I was interested to read this article on the NY Times this morning, which depicts Whole Foods' attempt to keep pace with the economy by billing itself as a bargain place to shop. Just yesterday we were at Whole Foods looking for rennet to make cheese (note to other rennet seekers in the Washington DC/northern Virginia area: we did find it, for $1.89 per 8 tablets, at the P St. NW Whole Foods after unsuccessfully trying a couple of other grocers in DC), and while at the checkout, I noticed a sign in the window depicting a sundae made from frozen strawberries, ice cream, and shortcake, which read "So affordable, now you can have sundaes even on Mondays." I laughed and pointed it out to Matt, who had noticed several other check-out-our-low-low-prices signs throughout the store as well. As the people in the article point out: Whole Foods can claim that you get what you pay for, because their items typically are very high-quality. We also love their generous samples ("Whole Meals"), though those were disappointingly absent from our latest foray. But a bargain, they're not.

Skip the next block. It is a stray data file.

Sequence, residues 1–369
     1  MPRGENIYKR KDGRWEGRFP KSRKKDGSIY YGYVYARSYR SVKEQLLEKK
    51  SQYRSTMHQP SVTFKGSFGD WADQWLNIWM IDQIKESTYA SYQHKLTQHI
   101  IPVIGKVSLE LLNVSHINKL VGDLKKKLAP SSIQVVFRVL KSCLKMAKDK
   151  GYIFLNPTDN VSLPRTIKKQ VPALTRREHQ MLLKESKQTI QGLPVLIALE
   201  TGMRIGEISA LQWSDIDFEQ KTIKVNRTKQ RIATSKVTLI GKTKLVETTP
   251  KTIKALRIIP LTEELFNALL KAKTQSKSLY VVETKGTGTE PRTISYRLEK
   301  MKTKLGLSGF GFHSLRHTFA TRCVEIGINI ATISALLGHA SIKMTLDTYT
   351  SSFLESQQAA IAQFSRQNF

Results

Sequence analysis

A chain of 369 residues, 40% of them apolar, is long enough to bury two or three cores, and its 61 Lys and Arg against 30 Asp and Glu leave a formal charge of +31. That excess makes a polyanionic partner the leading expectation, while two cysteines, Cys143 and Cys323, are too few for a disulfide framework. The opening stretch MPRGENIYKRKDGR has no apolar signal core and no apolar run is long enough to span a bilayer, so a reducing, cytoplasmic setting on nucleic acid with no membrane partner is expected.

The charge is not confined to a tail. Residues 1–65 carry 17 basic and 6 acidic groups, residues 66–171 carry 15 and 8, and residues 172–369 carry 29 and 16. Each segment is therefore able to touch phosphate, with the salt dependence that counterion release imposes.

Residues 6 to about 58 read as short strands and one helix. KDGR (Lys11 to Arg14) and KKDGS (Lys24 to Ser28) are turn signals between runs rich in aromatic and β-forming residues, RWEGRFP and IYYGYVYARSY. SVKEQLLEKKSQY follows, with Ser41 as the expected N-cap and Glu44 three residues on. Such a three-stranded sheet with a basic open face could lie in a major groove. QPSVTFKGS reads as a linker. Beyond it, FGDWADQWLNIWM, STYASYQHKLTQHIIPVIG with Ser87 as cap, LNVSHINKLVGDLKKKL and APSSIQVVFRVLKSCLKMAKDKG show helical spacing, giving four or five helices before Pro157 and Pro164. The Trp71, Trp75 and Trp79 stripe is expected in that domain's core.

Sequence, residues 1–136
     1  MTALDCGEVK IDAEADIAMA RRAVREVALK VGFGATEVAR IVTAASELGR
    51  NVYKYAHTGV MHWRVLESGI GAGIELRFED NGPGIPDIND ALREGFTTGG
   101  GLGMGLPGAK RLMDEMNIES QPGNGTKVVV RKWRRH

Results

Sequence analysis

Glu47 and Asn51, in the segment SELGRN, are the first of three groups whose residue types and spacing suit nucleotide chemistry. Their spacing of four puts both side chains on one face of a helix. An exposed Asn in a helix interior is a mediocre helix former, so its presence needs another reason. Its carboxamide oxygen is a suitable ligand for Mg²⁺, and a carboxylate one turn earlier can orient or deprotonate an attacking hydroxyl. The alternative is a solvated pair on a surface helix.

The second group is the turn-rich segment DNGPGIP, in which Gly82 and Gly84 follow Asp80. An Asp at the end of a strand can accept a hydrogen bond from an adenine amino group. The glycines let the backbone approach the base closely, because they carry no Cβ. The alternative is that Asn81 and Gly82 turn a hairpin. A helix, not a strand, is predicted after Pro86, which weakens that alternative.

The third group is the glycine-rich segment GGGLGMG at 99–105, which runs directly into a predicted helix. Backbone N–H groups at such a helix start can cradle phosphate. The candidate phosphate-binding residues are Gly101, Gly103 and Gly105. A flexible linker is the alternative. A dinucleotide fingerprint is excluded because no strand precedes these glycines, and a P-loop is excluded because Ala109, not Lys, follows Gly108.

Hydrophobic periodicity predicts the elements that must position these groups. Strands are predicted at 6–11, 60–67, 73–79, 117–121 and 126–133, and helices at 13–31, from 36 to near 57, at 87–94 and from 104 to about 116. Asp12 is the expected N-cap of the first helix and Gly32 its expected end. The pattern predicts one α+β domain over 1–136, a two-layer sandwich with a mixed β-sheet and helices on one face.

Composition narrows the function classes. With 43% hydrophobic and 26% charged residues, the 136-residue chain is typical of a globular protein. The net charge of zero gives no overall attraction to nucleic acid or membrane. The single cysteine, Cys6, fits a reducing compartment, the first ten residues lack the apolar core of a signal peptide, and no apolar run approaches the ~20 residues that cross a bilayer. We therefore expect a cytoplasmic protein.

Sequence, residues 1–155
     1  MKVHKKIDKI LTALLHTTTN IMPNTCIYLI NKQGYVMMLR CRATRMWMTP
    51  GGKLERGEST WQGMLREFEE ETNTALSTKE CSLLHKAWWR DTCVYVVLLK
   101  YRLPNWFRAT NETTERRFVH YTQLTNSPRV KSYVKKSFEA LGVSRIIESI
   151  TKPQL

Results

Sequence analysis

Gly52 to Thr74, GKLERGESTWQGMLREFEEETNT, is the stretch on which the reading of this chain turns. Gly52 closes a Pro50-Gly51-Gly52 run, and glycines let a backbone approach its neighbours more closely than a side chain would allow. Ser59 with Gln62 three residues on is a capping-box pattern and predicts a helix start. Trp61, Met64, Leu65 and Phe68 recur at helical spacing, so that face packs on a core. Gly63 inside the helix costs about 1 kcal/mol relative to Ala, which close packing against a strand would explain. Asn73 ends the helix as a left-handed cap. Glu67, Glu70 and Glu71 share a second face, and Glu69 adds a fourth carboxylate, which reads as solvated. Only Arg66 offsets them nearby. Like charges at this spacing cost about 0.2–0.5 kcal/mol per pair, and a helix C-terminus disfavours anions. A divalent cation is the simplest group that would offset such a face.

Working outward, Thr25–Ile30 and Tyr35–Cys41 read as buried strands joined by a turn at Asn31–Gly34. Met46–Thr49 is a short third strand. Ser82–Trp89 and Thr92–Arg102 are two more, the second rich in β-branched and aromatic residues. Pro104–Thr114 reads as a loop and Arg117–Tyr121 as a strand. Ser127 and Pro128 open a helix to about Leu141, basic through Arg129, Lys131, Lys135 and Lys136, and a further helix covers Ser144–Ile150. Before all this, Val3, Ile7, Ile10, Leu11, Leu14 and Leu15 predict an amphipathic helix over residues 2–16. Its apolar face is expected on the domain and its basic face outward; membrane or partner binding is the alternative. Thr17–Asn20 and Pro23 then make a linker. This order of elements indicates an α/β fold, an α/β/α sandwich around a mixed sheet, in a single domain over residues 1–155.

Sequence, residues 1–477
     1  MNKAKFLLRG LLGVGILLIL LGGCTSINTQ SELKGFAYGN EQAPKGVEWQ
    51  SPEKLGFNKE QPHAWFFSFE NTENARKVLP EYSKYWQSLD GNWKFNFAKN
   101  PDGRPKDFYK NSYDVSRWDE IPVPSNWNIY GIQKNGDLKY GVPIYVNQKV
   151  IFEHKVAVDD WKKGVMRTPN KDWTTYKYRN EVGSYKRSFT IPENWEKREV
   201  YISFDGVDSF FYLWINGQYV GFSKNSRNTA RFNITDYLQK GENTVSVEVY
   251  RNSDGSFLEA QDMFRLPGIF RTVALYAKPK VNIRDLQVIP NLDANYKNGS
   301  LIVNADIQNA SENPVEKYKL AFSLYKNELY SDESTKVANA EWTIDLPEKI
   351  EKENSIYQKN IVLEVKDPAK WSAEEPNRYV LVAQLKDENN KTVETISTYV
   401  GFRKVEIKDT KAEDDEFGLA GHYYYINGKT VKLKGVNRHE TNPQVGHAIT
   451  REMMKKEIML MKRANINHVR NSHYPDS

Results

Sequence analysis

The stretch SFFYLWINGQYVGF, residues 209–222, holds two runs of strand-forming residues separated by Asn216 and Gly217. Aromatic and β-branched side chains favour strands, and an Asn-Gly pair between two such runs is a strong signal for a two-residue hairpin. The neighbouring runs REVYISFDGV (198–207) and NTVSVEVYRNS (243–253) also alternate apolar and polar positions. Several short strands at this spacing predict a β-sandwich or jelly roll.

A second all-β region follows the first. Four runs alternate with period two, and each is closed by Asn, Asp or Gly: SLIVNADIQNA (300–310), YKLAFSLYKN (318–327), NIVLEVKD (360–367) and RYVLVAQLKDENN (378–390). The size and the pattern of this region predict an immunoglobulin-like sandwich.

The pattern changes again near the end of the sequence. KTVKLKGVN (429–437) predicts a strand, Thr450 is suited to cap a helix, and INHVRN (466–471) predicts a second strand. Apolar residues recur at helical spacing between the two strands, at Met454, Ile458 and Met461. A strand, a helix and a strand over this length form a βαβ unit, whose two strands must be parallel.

Unfortunately, without a local co-op, they're our only option for things like bulk grains, and possibly certain specialty items like rennet; ditto for the homeopathic remedies we're coming to love. So we'd hate to see them fold. But their prices on these kinds of items are higher than we used to pay at a co-op, and Whole Foods doesn't have price-lowering options like purchasing a membership or working for a discount. Their prices on items like organic produce are almost always higher than comparable items at Trader Joe's or even a place like HyVee or Safeway. So unfortunately, this latest marketing attempt is pretty transparent as just that.